The marketing whizzes at a local agency have created a project to help struggling restaurant chefs affected by COVID-19 shutdowns. Michael Campos and Brandon Rodriguez, who founded Miami-based Neuelane, are the minds behind Taste of Miami, a cookbook aimed at raising awareness of the plight of the local service industry.
Even restaurants that have managed to stay afloat in the face of an entirely uncertain future had to lay off staff as closure orders were imposed. They also had to lay off marketing agencies.
"That’s when shit got real," as Campos tells it. "We were working on developing a brand identity and website for a restaurant that was launching in May when suddenly everything came to a screeching halt. The project was put on pause, and was even considered to be doomed before it began."
Rather than bow to the blow to their bottom line, the team at Neuelane opted to redirect their creative energy to give back to the Miami restaurants they know and love.
Creative director Jonathan Morffi suggested a twist on a proven idea: a community cookbook featuring Miami’s beloved restaurants that will raise money to support employees who were financially affected by the pandemic.
Campos says that they pitched the idea to restaurant owners in early June and had 30 confirmed cookbook contributors within ten days.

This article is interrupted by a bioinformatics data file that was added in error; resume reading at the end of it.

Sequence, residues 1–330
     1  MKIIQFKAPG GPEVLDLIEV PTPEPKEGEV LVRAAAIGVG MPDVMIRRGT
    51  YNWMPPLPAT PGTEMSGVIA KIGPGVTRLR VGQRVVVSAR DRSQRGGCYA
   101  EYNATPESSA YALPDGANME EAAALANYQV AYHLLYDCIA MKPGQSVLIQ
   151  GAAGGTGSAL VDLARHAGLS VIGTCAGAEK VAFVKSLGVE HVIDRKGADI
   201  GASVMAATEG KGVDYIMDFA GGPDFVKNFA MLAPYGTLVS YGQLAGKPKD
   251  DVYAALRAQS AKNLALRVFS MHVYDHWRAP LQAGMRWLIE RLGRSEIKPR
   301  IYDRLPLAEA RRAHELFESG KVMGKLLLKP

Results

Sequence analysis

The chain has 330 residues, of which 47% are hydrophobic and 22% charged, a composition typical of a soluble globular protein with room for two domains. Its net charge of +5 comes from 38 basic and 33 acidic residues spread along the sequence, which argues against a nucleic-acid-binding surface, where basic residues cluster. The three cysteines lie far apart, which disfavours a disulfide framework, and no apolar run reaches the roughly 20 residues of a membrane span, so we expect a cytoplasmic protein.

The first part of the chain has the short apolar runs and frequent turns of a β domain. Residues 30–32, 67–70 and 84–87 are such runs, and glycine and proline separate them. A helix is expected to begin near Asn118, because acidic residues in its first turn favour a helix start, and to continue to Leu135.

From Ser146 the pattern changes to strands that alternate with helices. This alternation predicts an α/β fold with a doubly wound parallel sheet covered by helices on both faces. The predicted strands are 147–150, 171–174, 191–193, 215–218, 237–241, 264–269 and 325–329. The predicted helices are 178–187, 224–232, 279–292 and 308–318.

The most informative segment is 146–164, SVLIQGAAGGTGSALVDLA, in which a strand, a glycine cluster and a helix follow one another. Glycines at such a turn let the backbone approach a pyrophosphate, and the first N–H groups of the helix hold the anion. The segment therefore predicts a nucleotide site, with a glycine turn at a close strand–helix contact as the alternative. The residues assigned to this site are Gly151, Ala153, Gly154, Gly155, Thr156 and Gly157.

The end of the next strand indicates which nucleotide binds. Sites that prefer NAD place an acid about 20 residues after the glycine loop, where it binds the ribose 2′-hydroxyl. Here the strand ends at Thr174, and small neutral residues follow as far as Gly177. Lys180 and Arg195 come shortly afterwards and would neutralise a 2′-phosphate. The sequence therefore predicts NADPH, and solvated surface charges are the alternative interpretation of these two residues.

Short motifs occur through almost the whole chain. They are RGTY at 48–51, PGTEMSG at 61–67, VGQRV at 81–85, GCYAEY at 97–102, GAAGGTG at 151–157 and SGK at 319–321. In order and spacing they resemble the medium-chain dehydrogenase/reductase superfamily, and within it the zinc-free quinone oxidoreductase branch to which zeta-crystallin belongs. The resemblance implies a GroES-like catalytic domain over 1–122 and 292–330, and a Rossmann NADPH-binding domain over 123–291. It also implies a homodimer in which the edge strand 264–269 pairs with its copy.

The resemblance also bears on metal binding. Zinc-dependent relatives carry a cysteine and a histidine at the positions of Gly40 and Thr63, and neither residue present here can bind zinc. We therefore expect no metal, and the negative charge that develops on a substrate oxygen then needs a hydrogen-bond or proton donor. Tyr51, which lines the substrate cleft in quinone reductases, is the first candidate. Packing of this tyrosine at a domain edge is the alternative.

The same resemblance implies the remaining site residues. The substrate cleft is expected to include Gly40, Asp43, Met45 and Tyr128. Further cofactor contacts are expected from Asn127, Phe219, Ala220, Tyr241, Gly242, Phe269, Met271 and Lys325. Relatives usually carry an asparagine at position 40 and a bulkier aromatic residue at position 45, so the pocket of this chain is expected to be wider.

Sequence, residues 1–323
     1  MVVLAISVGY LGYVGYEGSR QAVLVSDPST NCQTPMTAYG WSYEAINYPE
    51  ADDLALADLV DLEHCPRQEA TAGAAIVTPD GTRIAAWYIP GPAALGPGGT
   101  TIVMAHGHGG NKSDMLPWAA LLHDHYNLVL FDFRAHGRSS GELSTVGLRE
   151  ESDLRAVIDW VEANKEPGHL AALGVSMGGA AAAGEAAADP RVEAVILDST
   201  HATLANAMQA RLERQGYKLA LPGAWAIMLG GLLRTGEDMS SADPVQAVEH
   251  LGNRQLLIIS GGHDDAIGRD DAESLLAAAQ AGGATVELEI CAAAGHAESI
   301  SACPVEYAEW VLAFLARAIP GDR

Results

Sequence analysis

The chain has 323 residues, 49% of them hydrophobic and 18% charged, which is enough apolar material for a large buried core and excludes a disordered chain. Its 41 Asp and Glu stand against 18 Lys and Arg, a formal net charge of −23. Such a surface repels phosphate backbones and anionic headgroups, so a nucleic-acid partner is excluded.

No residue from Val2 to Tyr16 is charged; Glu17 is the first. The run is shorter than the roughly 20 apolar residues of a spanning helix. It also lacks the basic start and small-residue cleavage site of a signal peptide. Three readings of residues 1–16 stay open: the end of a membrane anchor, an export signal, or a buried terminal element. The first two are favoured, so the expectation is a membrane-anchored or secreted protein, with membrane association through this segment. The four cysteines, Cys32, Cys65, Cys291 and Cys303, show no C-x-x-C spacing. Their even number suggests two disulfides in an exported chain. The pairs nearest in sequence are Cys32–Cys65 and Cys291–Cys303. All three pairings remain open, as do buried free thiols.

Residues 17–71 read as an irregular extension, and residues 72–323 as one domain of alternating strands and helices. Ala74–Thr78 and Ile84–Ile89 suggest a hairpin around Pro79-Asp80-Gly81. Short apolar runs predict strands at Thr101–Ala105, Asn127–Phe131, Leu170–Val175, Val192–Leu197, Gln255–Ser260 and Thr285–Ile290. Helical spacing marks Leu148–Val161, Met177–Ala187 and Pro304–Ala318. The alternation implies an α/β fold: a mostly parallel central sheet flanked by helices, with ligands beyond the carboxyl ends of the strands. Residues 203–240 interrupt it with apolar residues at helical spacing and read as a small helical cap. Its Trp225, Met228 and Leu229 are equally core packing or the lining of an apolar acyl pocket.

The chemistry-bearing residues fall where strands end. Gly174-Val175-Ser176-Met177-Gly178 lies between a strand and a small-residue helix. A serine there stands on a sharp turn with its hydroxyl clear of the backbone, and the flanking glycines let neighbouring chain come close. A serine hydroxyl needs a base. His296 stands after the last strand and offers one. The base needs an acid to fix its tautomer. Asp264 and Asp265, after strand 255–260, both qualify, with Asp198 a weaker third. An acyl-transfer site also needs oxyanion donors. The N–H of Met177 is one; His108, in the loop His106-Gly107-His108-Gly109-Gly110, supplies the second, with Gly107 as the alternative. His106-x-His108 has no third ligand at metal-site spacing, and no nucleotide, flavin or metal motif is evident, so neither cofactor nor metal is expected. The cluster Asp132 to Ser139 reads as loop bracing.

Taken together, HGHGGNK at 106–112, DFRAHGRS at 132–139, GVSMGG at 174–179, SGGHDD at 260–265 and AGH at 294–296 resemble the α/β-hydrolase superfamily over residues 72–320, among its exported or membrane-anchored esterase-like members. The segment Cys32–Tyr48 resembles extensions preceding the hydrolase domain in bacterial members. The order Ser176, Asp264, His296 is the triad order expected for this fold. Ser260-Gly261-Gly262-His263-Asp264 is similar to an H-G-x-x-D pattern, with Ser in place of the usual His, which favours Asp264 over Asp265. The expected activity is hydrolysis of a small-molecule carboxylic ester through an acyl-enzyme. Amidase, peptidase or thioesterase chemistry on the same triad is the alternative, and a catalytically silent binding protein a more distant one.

The requirements were straightforward: Provide a recipe that can easily be prepared at home and allow a photographer to shoot photos of the dish for the cookbook.
Photoshoots are being planned with Arbetter’s, Cuban Guys, Dos Croquetas, Latin House, Luna Park, Naked Taco, Phuc Yea, Pincho, Stephen’s Deli, and Tijuana Flats. Other participating restaurants include Coyo Taco, CAO Bakery, Eating House, Glass & Vine, Chefs on the Run, El Rey De Las Fritas, SuViche, and Night Owl Cookies.
The creators promise this won't be your abuela's cookbook. Targeting millennial Miamians, they've conceived a modern cookbook filled with recipes the average person can make at home but wouldn't under other circumstances get access to.
"We gave each restaurant the choice of submitting a dish that’s currently on their menu, an off-menu item, a dish they are thinking of adding, or a dish they got really creative with," Campos says.
He foresees about 50 recipes, including contributions from local food bloggers and a few out-of-town guests.
Taste of Miami recipes, along with the inspirations, restaurants, and chefs behind them, will come to life on Instagram and Pinterest via promotional spots that include photography and video.
Campos and Rodriguez say Neuelane hopes to raise up to $50,000 in sponsorship funds to cover the costs associated with production and promotion. Whatever's left over will go to the restaurant fund along with proceeds from cookbook sales.
"As a small, five-person agency, we never have the opportunity to work on pro bono projects," Campos says. "And as a team that specializes in the restaurant industry, we've seen firsthand the devastating financial impact this pandemic has caused on all restaurants — especially the local mom-and-pop restaurants that we’ve come to love.
"We also see how the community has made efforts to help them. Taste of Miami is our way of keeping them around, because we couldn’t imagine a Miami without their food."
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